Things I Wish I Had Known on the Day of My Cancer Diagnosis
I know that you are feeling overwhelmed and out of control. How could you possibly have blood cancer while feeling fine?
Is this really happening? You just had the best summer of your life and now you are living a nightmare. I can tell you things will improve. The most important thing is that you have hope.
Your blood cancer, non-Hodgkin lymphoma, is now considered a chronic disease. The overall survival has greatly improved because of effective therapies. There are new drugs in the pipeline because of clinical trials.
The importance of a positive attitude cannot be overstressed and has been shown to improve patient outcomes. I learned firsthand that the following strategies really help.
What I've learned since my diagnosis
Do not hesitate to ask your physician any questions and always seek clarification. This is your body, and you need to understand about your cancer, the effects it may have on you, and the suggested treatment options. Knowledge is power!
Let family and friends help during this critical time. Be specific and accept help with rides to physician’s appointments, shopping, meal preparation, or other tasks that may need to be done.
I discovered meditation and yoga significantly helped with my incapacitating fatigue. They also cleared my head and improved my spirits.
You will have down days but try to celebrate each success. I would count down my chemotherapy treatments and look forward to the final one. Try to find something to look forward to. I decided to plan a family cruise with my granddaughter once my chemotherapy was completed.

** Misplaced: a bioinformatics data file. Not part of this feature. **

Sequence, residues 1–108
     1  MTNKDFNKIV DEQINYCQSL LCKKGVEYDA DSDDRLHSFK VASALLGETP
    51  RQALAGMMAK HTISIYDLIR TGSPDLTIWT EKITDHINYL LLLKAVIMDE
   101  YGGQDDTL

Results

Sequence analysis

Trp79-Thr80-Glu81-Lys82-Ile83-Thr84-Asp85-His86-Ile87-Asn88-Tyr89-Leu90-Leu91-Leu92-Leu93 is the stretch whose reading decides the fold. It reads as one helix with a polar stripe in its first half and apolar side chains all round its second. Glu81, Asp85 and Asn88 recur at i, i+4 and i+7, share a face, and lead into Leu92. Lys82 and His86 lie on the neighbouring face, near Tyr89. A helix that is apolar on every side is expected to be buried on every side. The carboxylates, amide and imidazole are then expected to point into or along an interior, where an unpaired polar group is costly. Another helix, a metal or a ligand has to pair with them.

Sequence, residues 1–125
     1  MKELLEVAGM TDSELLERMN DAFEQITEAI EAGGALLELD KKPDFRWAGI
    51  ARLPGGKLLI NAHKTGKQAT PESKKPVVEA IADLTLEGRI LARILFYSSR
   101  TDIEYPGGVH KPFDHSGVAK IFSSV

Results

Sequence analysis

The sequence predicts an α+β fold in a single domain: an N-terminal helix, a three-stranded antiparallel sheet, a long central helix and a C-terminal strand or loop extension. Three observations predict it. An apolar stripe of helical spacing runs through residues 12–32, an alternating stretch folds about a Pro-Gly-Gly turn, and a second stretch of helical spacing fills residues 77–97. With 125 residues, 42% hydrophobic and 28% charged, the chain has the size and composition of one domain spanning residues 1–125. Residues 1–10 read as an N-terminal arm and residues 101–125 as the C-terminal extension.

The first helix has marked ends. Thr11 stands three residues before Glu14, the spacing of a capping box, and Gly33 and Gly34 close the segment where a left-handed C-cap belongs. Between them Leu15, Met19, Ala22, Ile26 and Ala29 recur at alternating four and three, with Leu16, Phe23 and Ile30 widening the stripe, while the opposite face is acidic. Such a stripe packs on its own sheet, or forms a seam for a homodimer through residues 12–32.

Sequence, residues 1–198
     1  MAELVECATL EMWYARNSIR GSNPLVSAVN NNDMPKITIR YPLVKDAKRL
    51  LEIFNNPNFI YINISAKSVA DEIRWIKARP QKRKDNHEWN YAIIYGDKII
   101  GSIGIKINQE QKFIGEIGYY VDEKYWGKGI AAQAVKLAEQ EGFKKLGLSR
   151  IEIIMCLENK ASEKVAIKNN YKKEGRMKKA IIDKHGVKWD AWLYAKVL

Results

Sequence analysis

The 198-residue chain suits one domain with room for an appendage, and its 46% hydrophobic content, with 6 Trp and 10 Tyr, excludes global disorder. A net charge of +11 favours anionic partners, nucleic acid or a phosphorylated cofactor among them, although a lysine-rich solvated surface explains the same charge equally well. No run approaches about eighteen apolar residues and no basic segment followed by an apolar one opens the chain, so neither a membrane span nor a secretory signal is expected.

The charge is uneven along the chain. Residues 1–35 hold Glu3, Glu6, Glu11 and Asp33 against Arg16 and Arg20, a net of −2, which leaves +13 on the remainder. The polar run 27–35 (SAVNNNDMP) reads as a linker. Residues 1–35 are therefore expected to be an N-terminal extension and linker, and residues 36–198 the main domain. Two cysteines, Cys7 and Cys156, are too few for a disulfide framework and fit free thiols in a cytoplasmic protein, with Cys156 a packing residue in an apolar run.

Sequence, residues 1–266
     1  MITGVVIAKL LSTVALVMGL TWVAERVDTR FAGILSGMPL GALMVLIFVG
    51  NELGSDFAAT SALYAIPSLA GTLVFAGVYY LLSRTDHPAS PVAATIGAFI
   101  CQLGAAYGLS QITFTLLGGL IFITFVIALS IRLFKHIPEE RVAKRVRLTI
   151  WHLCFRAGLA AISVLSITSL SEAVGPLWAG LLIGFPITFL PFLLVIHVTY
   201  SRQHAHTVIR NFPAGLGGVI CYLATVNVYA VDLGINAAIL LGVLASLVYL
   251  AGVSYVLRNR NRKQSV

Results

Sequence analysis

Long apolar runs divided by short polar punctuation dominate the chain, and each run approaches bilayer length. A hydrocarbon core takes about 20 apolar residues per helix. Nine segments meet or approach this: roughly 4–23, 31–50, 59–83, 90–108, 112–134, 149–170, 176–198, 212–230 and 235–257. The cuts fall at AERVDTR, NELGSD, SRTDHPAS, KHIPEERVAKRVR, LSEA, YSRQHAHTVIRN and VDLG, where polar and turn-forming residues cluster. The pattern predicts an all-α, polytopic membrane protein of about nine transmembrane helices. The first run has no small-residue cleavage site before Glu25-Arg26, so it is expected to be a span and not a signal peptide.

Reestablish your priorities. You need to be number one. Discover what provides YOU comfort. My religion and spirituality lessened my anxiety and gave me hope. My mantra became: faith, family, and friends.
Each day is a gift
So let me tell you today, it is almost eleven years since that frightening day of my cancer diagnosis. I successfully tolerated the chemotherapy and immunotherapy with several “bumps in the road”. My lymphoma is in remission and yes, I experience “scanxiety” when I have my annual CT scan.
I consider each day as a gift and enjoy every moment. I am trying to not sweat the small stuff. I keep updated as to the latest research and volunteer as a cancer survivor to support fellow survivors.
There is HOPE and life after a cancer diagnosis.
Do you experience brain fog?